22 Business Trends That Will Change Your Rental Business – Part Two

By Malcolm Roach on Jun 19, 2017.

Be prepared for major change with these top business trends

In Part One we looked at overall business issues and in Part Two we will look at trends bringing change to your marketing, sales, and customer experience groups, which will round out our 22 business trends.Business Trends for Rental Business Part Two.jpg

Hail Marketing, Sales is dead!

Let’s start with marketing. Sales as you knew it ten years ago, and even five years ago, is pretty much dead. This section will give you fresh insight into how to transform your marketing efforts and combine them with new methods of selling to bring in new customers and keep old ones. 

13. Sales and content marketing become fully integrated

As the trend continues for buyers doing more online research, organizations will need to more closely integrate sales with content marketing. A search by a customer needs to find your content to address their questions and issues.

For some, content marketing refers entirely to the generation of blogs, which are indexed by search engines to bring more potential customers to your website. Content marketing is much more than just random or regular blogs and may include multiple mediums, including videos, to educate the readers. The goal is to build trust in the organization before asking for the sale.

Front-line sales staff, whether Subject Matter Experts (SME’s) referred to elsewhere in this document, inside sales, or customer-facing salespeople, are ideally suited to identify topics for content marketing. The content marketing team is then responsible to train the sales group on the utilization of content.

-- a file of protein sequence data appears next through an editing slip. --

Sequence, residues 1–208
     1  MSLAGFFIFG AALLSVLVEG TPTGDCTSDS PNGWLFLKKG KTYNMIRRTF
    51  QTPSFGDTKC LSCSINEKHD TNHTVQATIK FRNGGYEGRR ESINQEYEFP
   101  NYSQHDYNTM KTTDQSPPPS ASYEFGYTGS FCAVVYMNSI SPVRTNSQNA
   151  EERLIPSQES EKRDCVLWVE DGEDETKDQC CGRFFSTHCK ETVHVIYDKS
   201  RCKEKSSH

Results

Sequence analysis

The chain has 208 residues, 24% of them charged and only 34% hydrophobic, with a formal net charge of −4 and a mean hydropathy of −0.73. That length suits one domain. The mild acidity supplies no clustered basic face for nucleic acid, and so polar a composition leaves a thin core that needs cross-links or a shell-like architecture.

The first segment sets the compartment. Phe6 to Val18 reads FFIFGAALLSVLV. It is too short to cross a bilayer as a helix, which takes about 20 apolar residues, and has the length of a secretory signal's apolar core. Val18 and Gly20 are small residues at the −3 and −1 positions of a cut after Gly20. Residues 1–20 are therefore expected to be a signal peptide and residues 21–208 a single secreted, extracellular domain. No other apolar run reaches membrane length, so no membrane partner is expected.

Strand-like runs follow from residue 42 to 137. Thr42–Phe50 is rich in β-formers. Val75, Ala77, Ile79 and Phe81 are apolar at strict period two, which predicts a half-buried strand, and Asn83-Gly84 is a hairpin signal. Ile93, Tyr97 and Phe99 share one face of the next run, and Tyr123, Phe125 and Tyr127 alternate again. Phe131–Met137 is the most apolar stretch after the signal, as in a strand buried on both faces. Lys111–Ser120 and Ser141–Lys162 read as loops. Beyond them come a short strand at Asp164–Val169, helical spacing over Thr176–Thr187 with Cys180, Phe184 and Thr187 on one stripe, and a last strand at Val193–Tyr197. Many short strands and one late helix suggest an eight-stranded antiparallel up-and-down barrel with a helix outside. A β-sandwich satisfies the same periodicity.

Compare your competitors’ websites and see what they offer for content marketing. Right now, there are few small to medium-sized rental companies doing a good job of this but you can expect this situation to change. You might think content marketing is not really necessary but it is a very important factor in the prospective customer finding you in the top 2 or 3 search results.

14. Video becomes essential

According to a Forbes study executives are increasing their reliance on video when doing their jobs.

  • Over 80% have increased their viewing of video when compared to a year earlier
  • 75% watch work-related videos on business worksites at least weekly and 52% watch work-related videos on YouTube on a weekly basis
  • 65% have visited a vendor’s website after watching a video

Hubspot recently conducted a consumer behavior survey, which noted that 55% of users watch the entire video where only the stats are only 29% for blogs and 33% for interactive articles.